Getting to know you – Kajsa Wikman

Our first films just arrived this morning, so I’m off to watch The Legend of 1900, but I just had to post the next interview. With the very lovely and inspiring Kajsa, who you might know as syko. Do check out her blog and shop and flickr stream for some serious eye candy of the Scandinavian variety. Which is one of the best kinds! ;-) Have a nice weekend, all!

Your name
Kajsa Wikman aka syko

Where in the world are you?
Turku, Finland

Kajsa’s blog & shop + Flickr

Briefly describe yourself and what you make
I am a full-time artist/crafter from the beginning of this year. I used to work at the university, but I decided to go for it and make a living on what I like most, sewing quilts and appliqué. I also have two wonderful kids, a two year old boy and a 5 year old girl.

Who or what inspires you?
The children are an inspiration, they are also very good at encourageing me! Other things that inspire me: children’s drawings and illustrations for kids, naive folk art, colours, materials (sucha as fabrics and buttons), people and everyday life. And my blog friends!

When / how did you learn?
I did my first quilt when I was in my late teens, I followed my mum to a quilting class and got hooked. A few years later I found that Internet was bursting of tips and ideas for a beginning quilter so Internet has been my quilting university. I started doing appliqué on clothes for my daughter some five years ago and never stopped.

Why do you ‘bother’ to make things by hand?
I get that question very often. The simple answer is that I have to do it, it’s what I want to do. All the time.
What is your craft ”philosophy”?
Use what you have and combine it with something fresh and new. Believe in your instincts and love what you do and other people will too! YOU CAN!

Fondest craft-related memory?
I think I was 12 when I got a pair of knitting needles and some wonderful yarn in soft pastels from my mum for Christmas. I loved it so much. I think I did not manage to make something out of it, but it felt important to get a ”grown-up” gift like that.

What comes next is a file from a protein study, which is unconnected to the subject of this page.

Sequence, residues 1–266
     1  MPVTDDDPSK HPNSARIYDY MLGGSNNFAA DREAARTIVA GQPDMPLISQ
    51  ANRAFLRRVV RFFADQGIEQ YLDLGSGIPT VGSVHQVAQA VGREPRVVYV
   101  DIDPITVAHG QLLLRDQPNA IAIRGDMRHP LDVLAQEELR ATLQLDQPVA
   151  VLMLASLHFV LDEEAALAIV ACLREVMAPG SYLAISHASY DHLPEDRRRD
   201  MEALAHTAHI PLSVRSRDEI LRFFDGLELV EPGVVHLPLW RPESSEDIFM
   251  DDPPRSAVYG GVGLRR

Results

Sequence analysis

When I was 15 I asked my mum to knit a sweater for me. -Why don’t you do it yourself? she said. So I did, it had lots of colour and was about one meter wide, but after that I was a passionate knitter for many years. Until I started quilting…

How do you deal with crafty mistakes?
I put the project aside, work on something else and then go back to deal with the problem.

Do you have a designated craft space? What does it mean to you?
Half of our living area is my craft space and office. It feels great to have my own domain and I try hard to keep it in order… I hope to afford to rent a proper studio one day.

Do you use a sketchbook or journal?
Yes, I have a sketchbook which is full of lose sheets of paper since I draw on any paper around if my sketchbook is not close… It is very much worth it to put down your ideas, I can go back to them later and find the, Usually the ideas I bother to put down on paper are ideas I will use in one or the other project at some point.
Why is crafting good for you?
It makes me happy! And even better, I can share the joy! And I also feel I am doing my little share against mass consumerism by making ”slow” hand crafted things.
Is your craft a business as well?
Any advice on running a crafty business? Yes. Not many tips yet, but having a blog and an etsy shop is a good start! And a flickr-album!

What impact (if any) has the internet had on your craft?
Everything! Without the Internet I wouldn’t be crafting full-time today. I am so thankful for all the wonderful feedback I get for people all over the world every day. There is not a day that I do not give the greatness of the Internet a thought. I can’t count the number of people that I can share my passion for crafting with on-line. In real life it is counted on one hand. Or two. Internet is also wonderful as a source of information.

Do you make art or craft? Is there a difference?
I have tried to combine them in my slogan ”art for everyday life”.

If you could make any project without limits to cost, materials or even skill, what would it be?
Get myself a studio witha lot of light, big windows, wooden floor. First. Then I would sew a quilt by hand with lots and lots of details and it would be totally ok if it took a year or two.

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